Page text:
Presenting reports following official country visits to Ecuador (A/HRC/45/44/Add.1) and Peru (A/HRC/45/44/Add.2), she welcomed Ecuador’s recognition of historic and structural racial discrimination faced by people of African descent. She expressed deep concern, however, at the activities of extractive industries, including the lack of monitoring and sanctions by the State, given the significant environmental harms impacting Afro‑Ecuadoreans. She noted that Afro‑Ecuadoreans comprise 40 per cent of Ecuadoreans living in poverty but only 7 per cent of the overall population. Turning to Peru, she acknowledged the Government’s historical apology to Afro‑Peruvians in 2009, asking forgiveness for abuses and discrimination perpetrated since the colonial period. However, poor implementation of the State’s antidiscrimination framework led to a “profound denial” of access to public administration, public goods and public services. While 60 per cent of Peruvians acknowledge racism against Afro-Peruvians, she noted that only 8 per cent of Peruvians see themselves as perpetuating racism. She called on Member States to make the Permanent Forum on People of African Descent operational so that it can begin its important work.
As people of African descent experience systemic racism that transcends borders, continents, and economic development contexts, she said it is time to address the lasting consequences of historical injustice. She described how ongoing practices normalize systemic racism and habituate people to all sorts of violence against people of African descent. “Denial of the evidence of systemic racism before our eyes, and related impunity, frustrates urgent demands for justice and change.” Citing the case of Breonna Taylor, she said “the very legal process that claimed to exonerate the police officers who killed her actually failed to even consider criminal charges against them for her death.”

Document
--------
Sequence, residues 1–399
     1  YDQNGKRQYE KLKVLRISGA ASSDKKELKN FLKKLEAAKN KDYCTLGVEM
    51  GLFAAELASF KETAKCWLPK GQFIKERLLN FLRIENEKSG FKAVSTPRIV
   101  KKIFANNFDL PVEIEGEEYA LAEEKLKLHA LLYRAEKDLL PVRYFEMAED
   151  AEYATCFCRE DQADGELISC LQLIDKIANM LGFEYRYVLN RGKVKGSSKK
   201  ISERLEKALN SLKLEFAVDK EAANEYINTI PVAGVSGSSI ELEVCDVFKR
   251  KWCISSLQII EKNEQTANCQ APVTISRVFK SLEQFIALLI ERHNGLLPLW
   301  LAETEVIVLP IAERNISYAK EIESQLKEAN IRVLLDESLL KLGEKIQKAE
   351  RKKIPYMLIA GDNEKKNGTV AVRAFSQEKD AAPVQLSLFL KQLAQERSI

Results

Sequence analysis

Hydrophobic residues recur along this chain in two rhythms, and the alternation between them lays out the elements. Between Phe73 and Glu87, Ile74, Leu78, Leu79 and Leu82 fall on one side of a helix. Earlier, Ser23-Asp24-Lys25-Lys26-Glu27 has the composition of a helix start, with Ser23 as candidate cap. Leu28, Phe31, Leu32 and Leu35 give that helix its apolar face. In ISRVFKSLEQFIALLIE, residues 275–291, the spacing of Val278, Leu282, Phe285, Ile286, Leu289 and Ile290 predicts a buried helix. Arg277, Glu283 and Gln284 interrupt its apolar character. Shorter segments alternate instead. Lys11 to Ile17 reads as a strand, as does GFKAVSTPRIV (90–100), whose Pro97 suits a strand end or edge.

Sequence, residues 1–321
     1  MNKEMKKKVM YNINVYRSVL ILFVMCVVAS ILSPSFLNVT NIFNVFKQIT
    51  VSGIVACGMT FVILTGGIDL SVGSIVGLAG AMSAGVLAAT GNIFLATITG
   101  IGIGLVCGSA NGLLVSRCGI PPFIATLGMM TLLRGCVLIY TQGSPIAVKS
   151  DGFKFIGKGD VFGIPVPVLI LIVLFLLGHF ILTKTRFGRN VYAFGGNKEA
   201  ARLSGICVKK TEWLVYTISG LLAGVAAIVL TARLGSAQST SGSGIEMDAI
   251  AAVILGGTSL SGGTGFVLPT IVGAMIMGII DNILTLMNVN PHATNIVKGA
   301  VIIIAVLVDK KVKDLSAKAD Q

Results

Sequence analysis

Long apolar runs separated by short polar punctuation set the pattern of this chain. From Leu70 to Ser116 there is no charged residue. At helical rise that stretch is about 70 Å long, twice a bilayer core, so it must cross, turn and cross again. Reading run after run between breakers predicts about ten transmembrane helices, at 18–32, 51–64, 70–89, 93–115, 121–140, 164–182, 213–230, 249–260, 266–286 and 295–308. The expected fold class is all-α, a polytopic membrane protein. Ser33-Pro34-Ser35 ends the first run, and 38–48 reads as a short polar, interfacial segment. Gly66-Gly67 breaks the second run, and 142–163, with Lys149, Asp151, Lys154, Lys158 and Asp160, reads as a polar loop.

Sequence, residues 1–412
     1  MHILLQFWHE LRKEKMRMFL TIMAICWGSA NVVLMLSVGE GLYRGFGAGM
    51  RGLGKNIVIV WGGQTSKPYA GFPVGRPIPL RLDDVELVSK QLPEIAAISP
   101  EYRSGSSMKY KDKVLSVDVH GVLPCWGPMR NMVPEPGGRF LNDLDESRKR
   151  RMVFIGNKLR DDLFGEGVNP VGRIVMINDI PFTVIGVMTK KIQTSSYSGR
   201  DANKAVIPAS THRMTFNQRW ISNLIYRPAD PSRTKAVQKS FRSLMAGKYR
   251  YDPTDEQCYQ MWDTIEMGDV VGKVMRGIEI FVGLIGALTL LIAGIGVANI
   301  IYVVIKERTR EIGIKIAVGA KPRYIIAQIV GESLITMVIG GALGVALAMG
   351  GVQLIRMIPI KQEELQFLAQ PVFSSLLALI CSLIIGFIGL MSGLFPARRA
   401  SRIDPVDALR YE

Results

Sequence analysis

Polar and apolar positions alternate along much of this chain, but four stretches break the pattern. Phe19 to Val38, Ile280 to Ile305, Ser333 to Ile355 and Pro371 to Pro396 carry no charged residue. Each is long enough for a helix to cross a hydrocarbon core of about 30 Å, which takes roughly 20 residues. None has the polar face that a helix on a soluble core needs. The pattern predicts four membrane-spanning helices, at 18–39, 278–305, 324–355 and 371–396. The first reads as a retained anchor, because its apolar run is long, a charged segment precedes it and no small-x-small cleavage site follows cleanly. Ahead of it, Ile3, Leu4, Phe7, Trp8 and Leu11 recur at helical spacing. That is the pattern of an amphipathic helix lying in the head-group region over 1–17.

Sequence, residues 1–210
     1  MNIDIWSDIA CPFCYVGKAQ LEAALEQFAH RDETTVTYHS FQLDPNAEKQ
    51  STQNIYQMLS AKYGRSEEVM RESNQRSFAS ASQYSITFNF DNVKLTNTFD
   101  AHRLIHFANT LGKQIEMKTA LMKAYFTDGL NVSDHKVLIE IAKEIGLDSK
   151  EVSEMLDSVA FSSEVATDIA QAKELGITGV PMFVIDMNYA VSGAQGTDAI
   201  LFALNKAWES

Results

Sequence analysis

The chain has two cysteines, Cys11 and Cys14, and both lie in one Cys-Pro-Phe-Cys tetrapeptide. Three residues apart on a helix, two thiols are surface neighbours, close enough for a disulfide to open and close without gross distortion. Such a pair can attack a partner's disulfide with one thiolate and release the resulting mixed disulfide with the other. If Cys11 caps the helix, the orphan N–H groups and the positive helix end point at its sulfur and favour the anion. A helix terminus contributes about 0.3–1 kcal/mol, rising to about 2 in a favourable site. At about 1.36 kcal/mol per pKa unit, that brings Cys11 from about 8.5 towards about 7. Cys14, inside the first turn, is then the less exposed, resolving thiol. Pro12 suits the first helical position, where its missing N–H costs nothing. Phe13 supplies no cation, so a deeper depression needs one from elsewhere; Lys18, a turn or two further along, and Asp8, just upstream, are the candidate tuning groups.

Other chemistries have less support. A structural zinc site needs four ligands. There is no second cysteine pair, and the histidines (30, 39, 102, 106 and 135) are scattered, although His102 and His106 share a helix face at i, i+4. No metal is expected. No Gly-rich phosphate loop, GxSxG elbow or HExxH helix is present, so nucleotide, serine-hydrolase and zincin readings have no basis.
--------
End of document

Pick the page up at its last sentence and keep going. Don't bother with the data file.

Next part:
When the floor opened for interactive dialogue, China’s delegate described examples of United States police forces’ mistreatment of African Americans as “shocking”, requiring urgent attention by the General Assembly, and also pointed to cases in the United Kingdom. An observer for the European Union asked Ms. Day to elaborate on best practices for involving African-descent youth in decision‑making, while Brazil’s delegate asked about the role of modalities in tackling systemic racism at all levels.
Ms. DAY responded that one way to employ the modalities of the Permanent Forum is to understand how the legacies of colonialism continue to populate the current mindset, and to confront them. It is crucial to create spaces for transnational colonial atrocities to be understood in their local contexts. In amplifying the voices of youth, she stressed the importance of adding complexity to “national truth”, and understanding that decisions on whose voices are deemed acceptable and “intellectual” are seen through a lens of institutional racism. Confronting racism includes rethinking the monuments and the curricula in societies, she added.
Also speaking was the representative of the Russian Federation.
Racial Discrimination and Emerging Digital Technologies